What is VET in Schools?

Young man in workshop sawing wood

Long gone are the days when getting a vocational education meant ‘dropping out’ of school before Year 12. These days, students can complete Vocational Education and Training (VET) studies as part of their senior secondary certificate — an option that is becoming increasingly popular among Year 11 and 12 students looking to combine their studies with something a little more practical. Keep in mind, too, that vocational study is not reserved for trades; students can complete VET qualifications in areas as varied as business administration and veterinary nursing.

Student data released by the National Centre for Vocational Education Research (NCVER) this month found that almost a third of Australians aged 15–19 undertook vocational training in 2011 and that numbers are on the rise. Excluding Tasmania, increases were seen in each state and territory between 2010 and 2011. Notably, Victoria saw an increase of almost 15 per cent (around 200,000 extra students between 2010 and 2011).

What are the options for school students interested in adding a vocational spin to their studies?

1. Completing VET study while at school

Students can choose to complete VET studies as part of their senior school certificate. In these cases, the VET units may count towards the student’s Australian Tertiary Admissions Rank (ATAR) or Overall Position (OP). If a VET subject is not available at their school, students can enrol at a TAFE or other Registered Training Organisation (RTO) — in some cases, even a neighbouring school. Students who complete VET studies in Years 11 and 12 may be granted Recognition of Prior Learning (RPL) if they choose to progress to higher-level study.

2. School-based apprenticeships and traineeships

These involve students completing an apprenticeship or traineeship part time during their senior secondary studies, with options including anything from carpentry to hairdressing. The latest figures from the National Centre for Vocational Education Research (NCVER) show that school-based training is becoming more and more common, with commencements tripling since 2002.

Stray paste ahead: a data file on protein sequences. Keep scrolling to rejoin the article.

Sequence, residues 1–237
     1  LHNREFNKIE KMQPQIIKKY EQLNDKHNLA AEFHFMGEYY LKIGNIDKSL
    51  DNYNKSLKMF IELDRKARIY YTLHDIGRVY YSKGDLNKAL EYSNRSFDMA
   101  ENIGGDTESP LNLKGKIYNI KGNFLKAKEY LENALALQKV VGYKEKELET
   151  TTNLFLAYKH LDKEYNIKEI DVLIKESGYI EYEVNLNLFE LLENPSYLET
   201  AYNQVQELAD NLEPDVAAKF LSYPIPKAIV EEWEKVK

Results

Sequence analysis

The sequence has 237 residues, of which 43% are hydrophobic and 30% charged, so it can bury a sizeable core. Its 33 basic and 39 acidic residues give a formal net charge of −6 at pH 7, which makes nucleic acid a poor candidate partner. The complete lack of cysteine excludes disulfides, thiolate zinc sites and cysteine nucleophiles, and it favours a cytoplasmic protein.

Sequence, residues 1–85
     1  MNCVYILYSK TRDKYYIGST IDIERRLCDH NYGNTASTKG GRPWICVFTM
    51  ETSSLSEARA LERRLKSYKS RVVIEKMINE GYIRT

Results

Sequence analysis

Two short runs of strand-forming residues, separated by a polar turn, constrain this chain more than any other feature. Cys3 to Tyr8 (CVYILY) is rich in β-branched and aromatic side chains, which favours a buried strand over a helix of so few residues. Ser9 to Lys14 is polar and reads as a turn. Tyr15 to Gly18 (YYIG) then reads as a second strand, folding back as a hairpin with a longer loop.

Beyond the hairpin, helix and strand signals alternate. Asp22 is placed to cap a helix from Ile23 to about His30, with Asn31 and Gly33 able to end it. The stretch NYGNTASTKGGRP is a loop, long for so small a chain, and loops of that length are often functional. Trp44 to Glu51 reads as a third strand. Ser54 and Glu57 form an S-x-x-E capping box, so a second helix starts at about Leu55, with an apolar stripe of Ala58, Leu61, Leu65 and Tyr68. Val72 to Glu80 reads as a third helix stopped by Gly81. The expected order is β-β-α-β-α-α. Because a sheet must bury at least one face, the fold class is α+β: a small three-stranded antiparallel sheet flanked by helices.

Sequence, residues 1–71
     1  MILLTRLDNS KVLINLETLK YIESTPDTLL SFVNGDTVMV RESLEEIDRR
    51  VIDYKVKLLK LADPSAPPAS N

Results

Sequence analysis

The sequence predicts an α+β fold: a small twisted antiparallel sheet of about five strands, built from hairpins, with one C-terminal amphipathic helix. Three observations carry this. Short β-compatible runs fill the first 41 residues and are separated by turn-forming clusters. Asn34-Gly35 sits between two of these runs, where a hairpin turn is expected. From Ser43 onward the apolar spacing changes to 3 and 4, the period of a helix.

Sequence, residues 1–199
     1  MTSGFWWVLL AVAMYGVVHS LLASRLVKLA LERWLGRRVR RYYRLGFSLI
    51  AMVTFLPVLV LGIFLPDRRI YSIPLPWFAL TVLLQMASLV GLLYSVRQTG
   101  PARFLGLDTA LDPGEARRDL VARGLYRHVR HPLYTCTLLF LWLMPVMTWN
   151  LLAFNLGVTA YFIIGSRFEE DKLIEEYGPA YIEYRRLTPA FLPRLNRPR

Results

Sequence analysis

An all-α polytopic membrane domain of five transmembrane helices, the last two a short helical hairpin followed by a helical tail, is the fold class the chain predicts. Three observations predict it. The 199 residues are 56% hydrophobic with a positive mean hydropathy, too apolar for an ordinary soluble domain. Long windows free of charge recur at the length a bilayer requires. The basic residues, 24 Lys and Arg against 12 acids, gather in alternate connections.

3. VCAL (Victoria only)

Victorian students also have the choice of the Vocational Certificate of Applied Learning (VCAL) — a hands-on alternative to the VCE. The VCAL program covers four core areas: literacy and numeracy skills, work-related skills, industry-specific skills and personal development skills.  Students complete the certificate in Years 11 and 12 and may be awarded a qualification at one of three levels: foundation, intermediate or senior.  VCAL students can complete work placements and attend TAFE classes, and may also undertake some VCE-level units.

4. Trade colleges

Students in Queensland and Victorian can attend specialised trade colleges that combine traditional academic classes with trade and technical education programs.Students are able to work towards a VET qualification while completing Years 11 and 12. For more information, see Technical education schooling options.

Outcomes for vocational education students

NCVER’s Student Outcomes Survey (2011) shows that 93.5 per cent of apprentices and trainees who completed their programs in 2010 found work at the conclusion of their training — a figure that has remained stable over the years. It is also likely that some students within this group, and those that make up the remainder of the figure, were engaged in further study. 

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